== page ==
Andhra Pradesh chief minister N Chandrababu Naidu during his meeting with Prime Minister Narendra Modi in New Delhi two days ago made a fresh plea for building metro rail systems in Visakhapatnam and Vijayawada.
He told the Prime Minister that “a specific road map and an action plan has to be drawn and implemented” without further loss of time.
On September 4, 2015, Naidu had set August 2018 as the deadline for completion of the first phase of the Vijayawada metro and December 2018 for Visakhapatnam metro.
However, neither of the projects moved an inch since then and, in fact, the AP government had even dumped the plan to build a metro network at Vijayawada.
Ironically, indecisiveness on part of the state government had been the main roadblock at least in the case of the Vijayawada metro, authoritative sources pointed out, adding that it could not get past the conceptual stage even after more than two and a half years.
The state government first wanted to go for a (medium) metro rail and got a detailed project report (DPR) prepared by the Delhi Metro Rail Corporation in 2015.
In July 2015, after scrutinizing the DPR, the Union Ministry of Urban Development found Vijayawada “ineligible” for a metro for a variety of reasons, including a meagre financial Internal Rate of Return of just 3. 47 per cent against the stipulated 8 per cent and above.
But the Chandrababu government got it “sanctioned” citing a “political commitment” (made during the state’s bifurcation)from the Urban Development ministry which was at the time led by M Venkaiah Naidu.
The Centre eventually “rejected” the Vijayawada Metro proposal in March 2017 saying it was “not financially viable”.
‘Metro Man’ E Sreedharan also quit as principal advisor to AP government in July 2017, compounding the chaos.
In the meantime, the state government toyed with the idea of taking up a light rail system or an elevated bus rapid transit system for Vijayawada before finally settling for a light rail system.
“The light rail technology (LRT) is more flexible and profitable than the metro system. The LRT system is one of the most avant-garde technologies operating in Germany and France while the metro train system is more rigid,” noted a senior official of the Amaravati Metro Rail Corporation, a special purpose vehicle floated by the state government.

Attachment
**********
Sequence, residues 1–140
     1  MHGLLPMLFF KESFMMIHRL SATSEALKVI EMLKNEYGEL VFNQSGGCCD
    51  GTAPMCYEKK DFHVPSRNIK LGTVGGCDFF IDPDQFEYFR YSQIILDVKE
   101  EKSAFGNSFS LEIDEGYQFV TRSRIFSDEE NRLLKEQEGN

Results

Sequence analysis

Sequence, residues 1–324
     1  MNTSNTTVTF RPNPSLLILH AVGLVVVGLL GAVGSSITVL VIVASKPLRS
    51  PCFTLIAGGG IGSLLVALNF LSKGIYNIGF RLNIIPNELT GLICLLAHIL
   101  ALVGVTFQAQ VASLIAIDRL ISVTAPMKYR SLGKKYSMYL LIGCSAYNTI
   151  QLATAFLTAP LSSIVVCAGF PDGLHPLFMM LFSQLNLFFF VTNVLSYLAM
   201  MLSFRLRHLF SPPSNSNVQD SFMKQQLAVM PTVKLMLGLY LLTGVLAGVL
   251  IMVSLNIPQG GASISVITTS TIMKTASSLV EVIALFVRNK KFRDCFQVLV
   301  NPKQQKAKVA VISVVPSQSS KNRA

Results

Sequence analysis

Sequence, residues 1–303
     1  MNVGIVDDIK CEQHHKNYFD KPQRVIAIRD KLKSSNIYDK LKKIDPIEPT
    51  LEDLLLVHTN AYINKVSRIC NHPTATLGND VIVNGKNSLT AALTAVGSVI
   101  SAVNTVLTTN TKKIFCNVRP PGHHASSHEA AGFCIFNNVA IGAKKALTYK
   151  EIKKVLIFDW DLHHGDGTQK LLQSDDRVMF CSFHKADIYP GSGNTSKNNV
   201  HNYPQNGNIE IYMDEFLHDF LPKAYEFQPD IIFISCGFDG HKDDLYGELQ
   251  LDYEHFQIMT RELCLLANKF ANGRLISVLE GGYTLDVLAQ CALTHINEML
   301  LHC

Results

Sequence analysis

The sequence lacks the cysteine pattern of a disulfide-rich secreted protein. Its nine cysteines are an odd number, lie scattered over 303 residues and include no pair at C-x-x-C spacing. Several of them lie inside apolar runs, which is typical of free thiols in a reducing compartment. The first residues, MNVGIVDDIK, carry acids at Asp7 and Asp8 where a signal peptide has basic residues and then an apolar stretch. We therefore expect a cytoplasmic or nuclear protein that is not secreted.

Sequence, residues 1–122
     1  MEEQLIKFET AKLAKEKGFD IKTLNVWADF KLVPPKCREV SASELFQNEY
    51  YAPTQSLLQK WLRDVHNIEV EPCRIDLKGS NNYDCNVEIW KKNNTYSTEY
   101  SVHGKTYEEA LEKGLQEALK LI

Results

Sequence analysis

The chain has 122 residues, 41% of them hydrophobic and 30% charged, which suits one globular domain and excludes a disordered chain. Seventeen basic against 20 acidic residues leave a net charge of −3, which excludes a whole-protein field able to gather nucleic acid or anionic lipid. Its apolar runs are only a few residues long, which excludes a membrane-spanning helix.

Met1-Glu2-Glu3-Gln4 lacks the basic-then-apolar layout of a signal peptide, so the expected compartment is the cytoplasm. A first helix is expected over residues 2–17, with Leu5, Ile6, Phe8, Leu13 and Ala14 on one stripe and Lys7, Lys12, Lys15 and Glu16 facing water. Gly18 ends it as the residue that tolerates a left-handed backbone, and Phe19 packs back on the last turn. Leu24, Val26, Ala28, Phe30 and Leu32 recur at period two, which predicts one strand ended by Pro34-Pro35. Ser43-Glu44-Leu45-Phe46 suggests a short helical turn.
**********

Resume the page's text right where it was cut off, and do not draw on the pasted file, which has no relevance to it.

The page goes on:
“We are now getting a DPR prepared for the LRT. A consortium led by French firm Systra has been engaged for this while KfW of Germany is funding it. Once the DPR is ready, we will submit it to the Centre for approval,” AMRC Managing Director N P Ramakrishna Reddy told PTI.
The case of Visakhapatnam Metro is more or less similar with a lot of time lost on deciding the corridors on which it has to be built and how the project should be taken up.
It was only late last year that the state government finally decided on the public-private partnership (PPP) route for the Rs 8,800 crore, 42-km project.
“This is at an advanced stage and we have invited bids for expression of interest and Korean, Malaysian and Indian companies have evinced interest in Visakhapatnam Metro. Filing of bids will close on February 27 and then request for proposal will be invited from the companies,” the AMRC MD said.
He informed that of the total project cost, the private developer would have to spend Rs 4200 crore on non-civil works while the state government would invest the balance on civil works.
“We are approaching Korean and other foreign agencies for required funds (state share),” Ramakrishna Reddy added.
If things move as planned, the Visakhapatnam Metro could hopefully be chugging in four years.